I'm a bit lost today, but I wont be for long I'm sure! I will shortly invent something to do while Chris is on the radio (www.revolutiononline.co.uk).
Cheerio




ps... here is a review that my pal Derek wrote:

THE FARNDALE AVENUE HOUSING ESTATE TOWNSWOMEN’S GUILD DRAMATIC SOCIETY MURDER MYSTERY: A REVIEW
by Leonard Pinth-Garnell, theatre critic for the Farndale Farmer’s Gazette


One cannot expect flawless, seamless productions within amateur dramatics. Thusly, when one does come across such a production, both you and those you come across won’t soon forget. Such was my experience last night, with our own Townswomen’s Guild Dramatic Society’s Murder Mystery. Rarely have we been treated to such a riveting, entertaining evening!
The direction was by one BRAINNE EDGE, whom I later learned to my considerable surprise was a young slip of a girl, and I was amazed that the little woman could maintain such a strong hold on such a stellar company as ours. But hold she did, and hold well, in the true spirit of the English Rose, and I look forward to the day when she’s called back once more from the kitchen into the man’s world for another shot.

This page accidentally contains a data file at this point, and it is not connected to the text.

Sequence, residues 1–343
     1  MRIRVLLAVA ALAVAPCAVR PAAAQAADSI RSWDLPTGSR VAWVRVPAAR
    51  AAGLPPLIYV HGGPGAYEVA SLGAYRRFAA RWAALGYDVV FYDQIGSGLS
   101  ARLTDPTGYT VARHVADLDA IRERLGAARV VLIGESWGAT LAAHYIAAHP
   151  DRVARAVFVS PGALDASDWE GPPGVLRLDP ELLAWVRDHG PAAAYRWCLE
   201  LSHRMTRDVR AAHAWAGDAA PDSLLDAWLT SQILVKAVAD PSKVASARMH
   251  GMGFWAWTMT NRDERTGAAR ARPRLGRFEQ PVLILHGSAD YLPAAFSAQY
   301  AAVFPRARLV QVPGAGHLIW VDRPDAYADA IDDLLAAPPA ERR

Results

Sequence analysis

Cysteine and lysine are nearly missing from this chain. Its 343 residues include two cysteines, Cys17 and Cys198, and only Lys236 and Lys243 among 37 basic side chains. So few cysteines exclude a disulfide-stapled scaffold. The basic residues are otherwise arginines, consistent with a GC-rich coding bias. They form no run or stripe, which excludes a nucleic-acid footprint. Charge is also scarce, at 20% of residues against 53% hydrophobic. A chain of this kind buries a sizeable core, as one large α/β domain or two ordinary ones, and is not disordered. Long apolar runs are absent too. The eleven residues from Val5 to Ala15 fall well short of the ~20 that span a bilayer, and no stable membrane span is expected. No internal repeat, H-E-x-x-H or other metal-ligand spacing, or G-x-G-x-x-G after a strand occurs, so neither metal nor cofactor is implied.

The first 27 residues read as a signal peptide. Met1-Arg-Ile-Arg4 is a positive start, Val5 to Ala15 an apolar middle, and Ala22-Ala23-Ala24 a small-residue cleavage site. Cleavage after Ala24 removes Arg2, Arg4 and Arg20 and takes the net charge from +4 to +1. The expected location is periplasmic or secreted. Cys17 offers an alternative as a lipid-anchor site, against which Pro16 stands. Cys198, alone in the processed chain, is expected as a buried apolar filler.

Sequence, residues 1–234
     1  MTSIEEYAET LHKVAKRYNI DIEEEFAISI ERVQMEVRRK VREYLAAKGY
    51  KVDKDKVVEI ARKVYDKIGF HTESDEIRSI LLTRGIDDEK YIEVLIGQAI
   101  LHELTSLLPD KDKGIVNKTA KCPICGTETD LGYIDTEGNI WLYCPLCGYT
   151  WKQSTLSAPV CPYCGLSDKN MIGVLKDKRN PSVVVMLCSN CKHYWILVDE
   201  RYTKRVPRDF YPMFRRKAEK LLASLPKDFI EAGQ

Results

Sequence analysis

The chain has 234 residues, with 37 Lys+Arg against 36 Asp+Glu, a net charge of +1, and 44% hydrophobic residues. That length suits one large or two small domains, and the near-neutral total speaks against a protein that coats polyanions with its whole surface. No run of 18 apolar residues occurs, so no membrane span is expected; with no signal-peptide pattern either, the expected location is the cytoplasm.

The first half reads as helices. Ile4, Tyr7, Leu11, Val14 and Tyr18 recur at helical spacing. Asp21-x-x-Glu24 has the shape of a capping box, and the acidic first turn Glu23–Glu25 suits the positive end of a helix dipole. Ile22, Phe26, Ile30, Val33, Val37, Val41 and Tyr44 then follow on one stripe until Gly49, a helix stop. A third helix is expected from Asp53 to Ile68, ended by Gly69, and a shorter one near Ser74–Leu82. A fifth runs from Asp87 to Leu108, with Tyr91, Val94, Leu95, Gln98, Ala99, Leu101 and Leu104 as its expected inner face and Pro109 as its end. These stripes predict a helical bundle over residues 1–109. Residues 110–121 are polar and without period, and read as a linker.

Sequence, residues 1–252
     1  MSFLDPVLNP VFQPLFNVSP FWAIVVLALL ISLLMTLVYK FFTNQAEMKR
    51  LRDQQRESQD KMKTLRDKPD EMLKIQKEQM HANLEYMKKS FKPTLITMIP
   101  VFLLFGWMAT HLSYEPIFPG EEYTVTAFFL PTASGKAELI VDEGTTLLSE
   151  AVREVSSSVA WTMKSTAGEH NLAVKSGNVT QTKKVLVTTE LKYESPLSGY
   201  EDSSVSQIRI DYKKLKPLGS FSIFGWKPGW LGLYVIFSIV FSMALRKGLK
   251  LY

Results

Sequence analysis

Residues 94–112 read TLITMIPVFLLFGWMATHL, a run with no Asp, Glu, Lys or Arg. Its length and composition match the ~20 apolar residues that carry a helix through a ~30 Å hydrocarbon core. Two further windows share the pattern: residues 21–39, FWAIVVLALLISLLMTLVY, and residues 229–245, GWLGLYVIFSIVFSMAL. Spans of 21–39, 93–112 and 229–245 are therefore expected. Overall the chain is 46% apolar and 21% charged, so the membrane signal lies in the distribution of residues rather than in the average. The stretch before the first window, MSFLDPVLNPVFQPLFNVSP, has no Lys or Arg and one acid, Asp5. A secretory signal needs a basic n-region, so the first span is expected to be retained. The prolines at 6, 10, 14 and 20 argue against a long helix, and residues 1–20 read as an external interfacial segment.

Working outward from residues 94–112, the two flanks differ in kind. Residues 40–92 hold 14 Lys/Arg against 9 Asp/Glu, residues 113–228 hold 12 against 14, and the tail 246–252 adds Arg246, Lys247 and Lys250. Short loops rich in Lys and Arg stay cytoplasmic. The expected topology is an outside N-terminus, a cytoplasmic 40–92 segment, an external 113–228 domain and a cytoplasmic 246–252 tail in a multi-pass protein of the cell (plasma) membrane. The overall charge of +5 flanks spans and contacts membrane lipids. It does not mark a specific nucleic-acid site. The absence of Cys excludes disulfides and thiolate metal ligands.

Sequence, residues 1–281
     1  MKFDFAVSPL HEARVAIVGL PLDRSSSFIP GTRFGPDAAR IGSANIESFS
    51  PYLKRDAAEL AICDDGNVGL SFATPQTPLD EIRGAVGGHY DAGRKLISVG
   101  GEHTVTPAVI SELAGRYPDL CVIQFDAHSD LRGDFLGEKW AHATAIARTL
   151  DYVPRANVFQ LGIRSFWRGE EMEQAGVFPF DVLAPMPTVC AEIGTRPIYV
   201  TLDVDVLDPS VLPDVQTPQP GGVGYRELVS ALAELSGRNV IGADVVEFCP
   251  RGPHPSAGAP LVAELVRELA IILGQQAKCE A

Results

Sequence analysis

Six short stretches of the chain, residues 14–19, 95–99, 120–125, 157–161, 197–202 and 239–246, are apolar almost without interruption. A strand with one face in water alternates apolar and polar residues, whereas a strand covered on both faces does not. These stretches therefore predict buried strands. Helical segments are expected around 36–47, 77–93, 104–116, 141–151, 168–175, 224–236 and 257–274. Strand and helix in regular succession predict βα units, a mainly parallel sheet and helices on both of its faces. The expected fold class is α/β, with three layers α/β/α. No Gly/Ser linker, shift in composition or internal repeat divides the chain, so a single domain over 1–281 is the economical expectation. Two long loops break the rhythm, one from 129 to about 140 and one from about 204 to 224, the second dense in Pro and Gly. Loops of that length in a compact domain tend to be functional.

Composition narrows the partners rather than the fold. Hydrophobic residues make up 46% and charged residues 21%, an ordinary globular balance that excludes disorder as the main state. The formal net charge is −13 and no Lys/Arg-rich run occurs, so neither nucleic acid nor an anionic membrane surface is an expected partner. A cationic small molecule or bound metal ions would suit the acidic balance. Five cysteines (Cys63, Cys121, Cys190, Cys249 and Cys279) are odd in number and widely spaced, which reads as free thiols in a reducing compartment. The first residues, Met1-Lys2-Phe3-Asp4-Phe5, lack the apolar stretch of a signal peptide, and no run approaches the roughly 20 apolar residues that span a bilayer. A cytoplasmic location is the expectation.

The mood was set beforehand by a showing of our beloved Mrs Beasley’s holiday film of the Isle of Man, an intriguing piece of cinema verite that illustrated the beauty and, dare I say it, raw passion of the Manx lifestyle, before ending with the mysterious question, “Has anyone got any cellotape?” How often have we asked ourselves this in our own lives? So when we enter the play proper, we are already moist, indeed wet, with anticipation and intrigue, And who among us doesn’t want to be wet as we watch thespians at it on stage?